Changes to the physical environment also have significant impacts on local tourism industries. Between 1999 and 2003, lake levels fell 5.4 percent at Lake Powell and 2.1 percent at Lake Mead. This drop in lake levels contributed to a drop of more than half a million visits to the Glen Canyon National Recreation Area in 2003, bringing a loss of $32.1 million in visitor spending, 758 jobs, and $13.4 million in personal income. At the Lake Mead National Recreation Area, lower lake levels contributed to approximately 900,000 fewer visits, with a $28.1 million loss in visitor spending, 680 lost jobs, and a $9.6 million loss in personal income.

Some recreation industries are investigating ways to deal with environmental changes that affect numbers of visitors. Ski resorts in Arizona, for example, are especially vulnerable to variability between snow seasons. Projections indicate that snowpack may decline as winters become warmer, especially at lower altitudes.

When there is below-average snowfall, ski resorts may rely on more expensive snowmaking techniques. Two resorts operate in Arizona, both of which help support surrounding communities through jobs, visitor spending, and tax revenues. Sunrise Park Resort in the White Mountains has snowmaking capability for 10 percent of its runs to augment the natural snowfall. This technique helps level out seasonal variability in snowfall, as long as temperatures remain cool enough to transform water into snow. But snowmaking has also created controversy in the Southwest. In August 2008, Arizona Snowbowl near Flagstaff received federal approval for a plan to make snow from treated wastewater. However, many regional environmental groups and Native American communities have opposed this plan for ecological, cultural, and spiritual reasons. Coming up with logical and economically viable human adaptations to climate change impacts can be quite complex.


  1. Ponnaluru, Srinivasa. 2005. Visitation to the National Parks of the Southwest: The influence of economic and climate variables. MS Thesis. Department of Agricultural and Resource Economics, University of Arizona.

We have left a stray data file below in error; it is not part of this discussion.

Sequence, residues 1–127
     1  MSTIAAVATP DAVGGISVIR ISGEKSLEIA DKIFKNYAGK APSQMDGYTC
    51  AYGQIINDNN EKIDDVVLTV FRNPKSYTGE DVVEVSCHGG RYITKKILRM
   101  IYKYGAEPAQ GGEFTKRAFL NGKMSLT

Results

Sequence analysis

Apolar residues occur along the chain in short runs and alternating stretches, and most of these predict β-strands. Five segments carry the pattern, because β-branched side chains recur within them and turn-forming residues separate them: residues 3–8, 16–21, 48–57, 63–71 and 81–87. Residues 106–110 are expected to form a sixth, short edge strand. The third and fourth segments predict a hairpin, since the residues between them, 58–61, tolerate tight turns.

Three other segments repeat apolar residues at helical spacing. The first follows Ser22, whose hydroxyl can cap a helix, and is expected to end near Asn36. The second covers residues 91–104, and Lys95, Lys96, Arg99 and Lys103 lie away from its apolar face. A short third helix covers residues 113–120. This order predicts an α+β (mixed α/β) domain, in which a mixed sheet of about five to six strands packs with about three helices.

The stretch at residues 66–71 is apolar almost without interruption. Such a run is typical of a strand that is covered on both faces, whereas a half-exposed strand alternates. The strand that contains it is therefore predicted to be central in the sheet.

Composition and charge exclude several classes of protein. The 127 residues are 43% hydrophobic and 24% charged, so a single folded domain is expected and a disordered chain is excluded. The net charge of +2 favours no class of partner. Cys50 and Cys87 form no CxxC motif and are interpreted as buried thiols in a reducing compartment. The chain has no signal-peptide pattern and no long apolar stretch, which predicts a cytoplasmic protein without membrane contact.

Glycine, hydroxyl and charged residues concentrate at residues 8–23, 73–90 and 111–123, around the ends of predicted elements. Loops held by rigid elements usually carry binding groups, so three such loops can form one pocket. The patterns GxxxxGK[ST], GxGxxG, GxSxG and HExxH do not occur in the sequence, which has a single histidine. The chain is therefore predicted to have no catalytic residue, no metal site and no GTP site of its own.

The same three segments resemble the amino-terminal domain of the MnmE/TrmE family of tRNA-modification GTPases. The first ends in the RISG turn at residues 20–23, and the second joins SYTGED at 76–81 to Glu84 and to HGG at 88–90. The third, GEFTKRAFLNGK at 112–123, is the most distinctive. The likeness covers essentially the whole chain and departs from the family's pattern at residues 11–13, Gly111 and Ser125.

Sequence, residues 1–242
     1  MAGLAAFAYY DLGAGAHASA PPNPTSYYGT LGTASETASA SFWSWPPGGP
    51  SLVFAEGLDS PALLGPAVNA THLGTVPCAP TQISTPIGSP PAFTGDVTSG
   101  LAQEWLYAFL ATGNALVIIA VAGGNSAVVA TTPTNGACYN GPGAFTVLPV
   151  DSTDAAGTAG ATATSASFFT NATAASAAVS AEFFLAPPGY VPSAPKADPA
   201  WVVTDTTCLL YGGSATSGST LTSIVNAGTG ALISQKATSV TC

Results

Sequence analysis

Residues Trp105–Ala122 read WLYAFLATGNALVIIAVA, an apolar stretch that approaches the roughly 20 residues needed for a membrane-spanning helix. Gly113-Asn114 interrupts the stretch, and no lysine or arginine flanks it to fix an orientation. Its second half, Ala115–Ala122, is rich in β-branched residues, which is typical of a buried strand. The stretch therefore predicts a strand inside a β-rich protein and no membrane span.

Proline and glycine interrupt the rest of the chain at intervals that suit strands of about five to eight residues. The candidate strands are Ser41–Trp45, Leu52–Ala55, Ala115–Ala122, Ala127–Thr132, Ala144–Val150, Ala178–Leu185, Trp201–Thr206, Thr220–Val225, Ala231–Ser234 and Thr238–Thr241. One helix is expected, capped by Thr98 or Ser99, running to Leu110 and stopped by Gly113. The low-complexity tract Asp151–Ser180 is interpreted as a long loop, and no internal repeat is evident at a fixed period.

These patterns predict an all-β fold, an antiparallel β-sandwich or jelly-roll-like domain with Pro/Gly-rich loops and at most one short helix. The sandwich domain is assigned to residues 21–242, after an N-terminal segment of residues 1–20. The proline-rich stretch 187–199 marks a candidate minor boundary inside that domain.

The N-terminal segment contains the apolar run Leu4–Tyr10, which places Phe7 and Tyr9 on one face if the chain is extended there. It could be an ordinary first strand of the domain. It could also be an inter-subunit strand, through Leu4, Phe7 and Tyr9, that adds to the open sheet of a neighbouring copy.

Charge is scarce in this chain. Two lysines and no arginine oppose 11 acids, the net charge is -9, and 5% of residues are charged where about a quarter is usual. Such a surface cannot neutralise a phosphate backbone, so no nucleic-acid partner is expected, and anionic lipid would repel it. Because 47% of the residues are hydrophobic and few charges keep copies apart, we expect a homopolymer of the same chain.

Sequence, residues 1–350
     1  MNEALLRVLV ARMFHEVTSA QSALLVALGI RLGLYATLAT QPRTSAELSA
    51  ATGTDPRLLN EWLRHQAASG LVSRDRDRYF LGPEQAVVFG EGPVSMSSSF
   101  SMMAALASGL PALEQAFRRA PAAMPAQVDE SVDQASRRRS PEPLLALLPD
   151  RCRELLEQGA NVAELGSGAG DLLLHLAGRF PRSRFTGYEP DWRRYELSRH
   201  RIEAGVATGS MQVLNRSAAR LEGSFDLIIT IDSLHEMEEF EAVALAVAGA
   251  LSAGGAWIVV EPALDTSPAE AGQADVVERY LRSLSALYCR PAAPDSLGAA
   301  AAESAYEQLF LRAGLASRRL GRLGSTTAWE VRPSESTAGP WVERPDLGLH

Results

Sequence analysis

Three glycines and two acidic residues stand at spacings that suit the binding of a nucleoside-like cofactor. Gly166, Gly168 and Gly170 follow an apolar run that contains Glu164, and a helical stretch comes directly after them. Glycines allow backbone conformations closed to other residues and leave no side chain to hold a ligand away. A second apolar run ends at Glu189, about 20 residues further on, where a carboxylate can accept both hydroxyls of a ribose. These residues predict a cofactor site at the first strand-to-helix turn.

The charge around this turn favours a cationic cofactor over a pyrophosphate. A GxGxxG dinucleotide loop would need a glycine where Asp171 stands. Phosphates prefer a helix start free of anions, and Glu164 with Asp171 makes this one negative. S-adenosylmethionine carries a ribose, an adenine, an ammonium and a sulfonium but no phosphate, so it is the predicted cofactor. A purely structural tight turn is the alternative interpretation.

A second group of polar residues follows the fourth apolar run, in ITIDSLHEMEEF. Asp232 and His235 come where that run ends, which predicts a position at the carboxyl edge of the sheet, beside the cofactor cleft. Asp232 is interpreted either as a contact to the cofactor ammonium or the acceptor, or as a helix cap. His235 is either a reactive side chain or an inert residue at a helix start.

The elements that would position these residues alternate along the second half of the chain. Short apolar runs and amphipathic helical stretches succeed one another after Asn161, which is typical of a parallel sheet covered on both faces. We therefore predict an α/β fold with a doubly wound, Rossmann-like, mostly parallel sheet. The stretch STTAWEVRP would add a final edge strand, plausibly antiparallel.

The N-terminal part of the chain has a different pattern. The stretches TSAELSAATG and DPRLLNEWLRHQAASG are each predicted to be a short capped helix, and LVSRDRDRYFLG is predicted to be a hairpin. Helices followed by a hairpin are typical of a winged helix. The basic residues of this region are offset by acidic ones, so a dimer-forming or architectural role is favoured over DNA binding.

2. USDA. 2005. Final environmental impact statement for Arizona Snowbowl facilities improvements. Vol. 1. Coconino National Forest, Coconino County, Arizona.

  3. Finch, Deborah M. (ed.). 2004. Assessment of grassland ecosystem conditions in the Southwestern United States. Vol. 1. Gen. Tech. Rep. RMRS-GTR-135-vol. 1. Fort Collins, CO: U.S. Department of Agriculture, Forest Service, Rocky Mountain Research Station.

  4. Morehouse B., G. Frisvold, R. Bark-Hodgins. 2007. How can tourism research benefit from multi-disciplinary assessments of climate change? Lessons from the U.S. Southwest. In Matzarakis, A., C.R. de Freitas, and D. Scott. (eds.) Developments in Tourism Climatology. pp.274-281.


Figure 1. 2007 visits to Southwest national parks and attractions.
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Credit: Gigi Owen, CLIMAS, The University of Arizona

Figure 2. Elephant Butte Reservoir.
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Credit: George Frisvold, Agricultural and Resource Economics, The University of Arizona

Figure 3. July 2002 Fire restrictions affected visits to Sunset Crater National Park near Flagstaff, Arizona.
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Credit: George Frisvold, Agricultural and Resource Economics, The University of Arizona